St. Patrick’s Day: Replace Green Dye #3 Through Biotech

St. Patrick’s Day: Replace Green Dye #3 Through Biotech

Every year on March 17, “the Irish and the Irish-at-heart across the globe observe St. Patrick’s Day. What began as a religious feast day for the patron saint of Ireland has become an international festival celebrating Irish culture with parades, dancing, special foods and a whole lot of green.”

In fact, according to WalletHub, this year 56.1% of Americans plan on celebrating the holiday, while 82.5% of St. Patrick’s Day celebrators plan to wear green.  That is a whole lot of green!

St. Patrick’s Day also means a whole lot of beer, especially green beer!  Notably, 3 million pints of Guinness will be consumed worldwide on St. Patrick’s Day.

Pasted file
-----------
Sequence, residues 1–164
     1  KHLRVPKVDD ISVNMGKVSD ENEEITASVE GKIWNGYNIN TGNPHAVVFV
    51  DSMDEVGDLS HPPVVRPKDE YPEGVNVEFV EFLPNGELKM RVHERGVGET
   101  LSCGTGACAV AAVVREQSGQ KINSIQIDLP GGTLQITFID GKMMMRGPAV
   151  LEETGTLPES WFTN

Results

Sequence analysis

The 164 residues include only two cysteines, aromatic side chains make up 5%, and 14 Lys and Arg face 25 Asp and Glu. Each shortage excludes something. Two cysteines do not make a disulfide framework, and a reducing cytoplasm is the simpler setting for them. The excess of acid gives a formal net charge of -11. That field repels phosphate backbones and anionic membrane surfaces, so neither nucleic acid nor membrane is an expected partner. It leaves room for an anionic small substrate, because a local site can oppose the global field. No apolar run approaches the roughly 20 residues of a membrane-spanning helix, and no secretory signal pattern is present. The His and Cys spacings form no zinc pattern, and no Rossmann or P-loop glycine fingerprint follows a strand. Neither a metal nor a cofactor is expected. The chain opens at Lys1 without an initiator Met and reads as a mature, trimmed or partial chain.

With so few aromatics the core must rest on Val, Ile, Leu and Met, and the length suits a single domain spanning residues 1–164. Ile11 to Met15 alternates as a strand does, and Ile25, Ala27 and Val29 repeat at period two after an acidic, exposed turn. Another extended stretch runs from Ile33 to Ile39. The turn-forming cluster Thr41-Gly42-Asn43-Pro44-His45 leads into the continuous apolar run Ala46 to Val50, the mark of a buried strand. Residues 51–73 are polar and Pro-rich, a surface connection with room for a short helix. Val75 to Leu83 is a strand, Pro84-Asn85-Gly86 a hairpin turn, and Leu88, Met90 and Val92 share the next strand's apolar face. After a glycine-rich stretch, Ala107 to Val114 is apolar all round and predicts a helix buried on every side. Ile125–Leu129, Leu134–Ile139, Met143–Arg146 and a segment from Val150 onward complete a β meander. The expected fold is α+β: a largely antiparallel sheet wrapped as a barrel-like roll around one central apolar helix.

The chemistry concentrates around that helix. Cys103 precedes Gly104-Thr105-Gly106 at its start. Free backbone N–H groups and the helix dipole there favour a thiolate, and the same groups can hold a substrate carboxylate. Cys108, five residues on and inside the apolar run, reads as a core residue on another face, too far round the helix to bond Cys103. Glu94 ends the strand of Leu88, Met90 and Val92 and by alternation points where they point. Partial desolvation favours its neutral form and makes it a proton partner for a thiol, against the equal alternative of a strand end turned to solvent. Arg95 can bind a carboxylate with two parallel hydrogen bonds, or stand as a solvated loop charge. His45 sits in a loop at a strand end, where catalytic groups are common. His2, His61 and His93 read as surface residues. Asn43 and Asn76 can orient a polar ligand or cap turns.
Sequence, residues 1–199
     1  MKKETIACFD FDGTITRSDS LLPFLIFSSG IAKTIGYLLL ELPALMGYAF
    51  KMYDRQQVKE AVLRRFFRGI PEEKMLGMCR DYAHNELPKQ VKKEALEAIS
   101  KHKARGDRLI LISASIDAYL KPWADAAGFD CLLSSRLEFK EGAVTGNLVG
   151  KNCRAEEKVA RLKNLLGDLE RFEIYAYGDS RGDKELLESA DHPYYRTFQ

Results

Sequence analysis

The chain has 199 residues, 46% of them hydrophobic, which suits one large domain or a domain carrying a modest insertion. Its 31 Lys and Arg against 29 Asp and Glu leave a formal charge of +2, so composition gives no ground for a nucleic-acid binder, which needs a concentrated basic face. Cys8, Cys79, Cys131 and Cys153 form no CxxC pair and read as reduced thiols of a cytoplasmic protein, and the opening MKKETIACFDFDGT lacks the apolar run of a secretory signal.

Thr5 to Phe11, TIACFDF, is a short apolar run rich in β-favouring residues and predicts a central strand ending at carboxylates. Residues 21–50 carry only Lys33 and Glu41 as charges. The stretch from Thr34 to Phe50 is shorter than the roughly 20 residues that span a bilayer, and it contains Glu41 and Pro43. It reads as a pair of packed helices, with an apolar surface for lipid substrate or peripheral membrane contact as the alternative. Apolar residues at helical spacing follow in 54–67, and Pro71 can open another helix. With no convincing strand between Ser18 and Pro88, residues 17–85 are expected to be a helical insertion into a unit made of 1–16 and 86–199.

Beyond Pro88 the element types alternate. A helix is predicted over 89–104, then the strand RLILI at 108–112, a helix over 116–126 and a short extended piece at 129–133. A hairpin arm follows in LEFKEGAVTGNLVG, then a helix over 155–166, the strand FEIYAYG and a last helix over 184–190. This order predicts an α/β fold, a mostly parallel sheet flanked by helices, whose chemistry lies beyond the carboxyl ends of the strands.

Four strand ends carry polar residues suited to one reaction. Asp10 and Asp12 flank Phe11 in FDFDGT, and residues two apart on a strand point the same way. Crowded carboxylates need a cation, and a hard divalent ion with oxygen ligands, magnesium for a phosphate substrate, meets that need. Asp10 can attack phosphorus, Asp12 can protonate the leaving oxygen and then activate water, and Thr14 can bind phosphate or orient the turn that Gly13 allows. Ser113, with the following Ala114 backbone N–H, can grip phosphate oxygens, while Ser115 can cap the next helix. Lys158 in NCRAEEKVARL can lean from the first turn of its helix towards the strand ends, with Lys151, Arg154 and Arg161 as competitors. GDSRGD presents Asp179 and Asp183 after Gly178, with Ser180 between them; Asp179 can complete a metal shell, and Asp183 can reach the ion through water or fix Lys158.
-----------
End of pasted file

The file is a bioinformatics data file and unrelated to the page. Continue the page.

Even though a lot of alcohol is consumed during this holiday, most are unaware how it is made. Alcohol production, in fact, is one of the most basic applications of industrial biotechnology.

Beer is made from water, a starch source such as barley, brewer’s yeast and a flavoring such as hops. The starch in the barley must be converted to sugar by enzymes (which are activated when the barley is malted) then fermented (the brewer’s yeast metabolizes the sugars to produce alcohol and carbon dioxide). Enzymes and microbes are two common tools used in industrial biotechnology.

Improving green beer. Biotechnology is also being used to improve beer. For instance, one research company, Leavandary, produces designer yeast for craft brewers. Leavendary, located in Huntsville, Alabama, modified one of its strains to create green beer as a demonstration project for St. Patrick’s Day. This is a potential solution for providing green beer without the use of green dye #3.

So while you are out celebrating St. Patrick’s Day, dressed all in green, remember to toast industrial biotechnology and know that without science we may not have beer!

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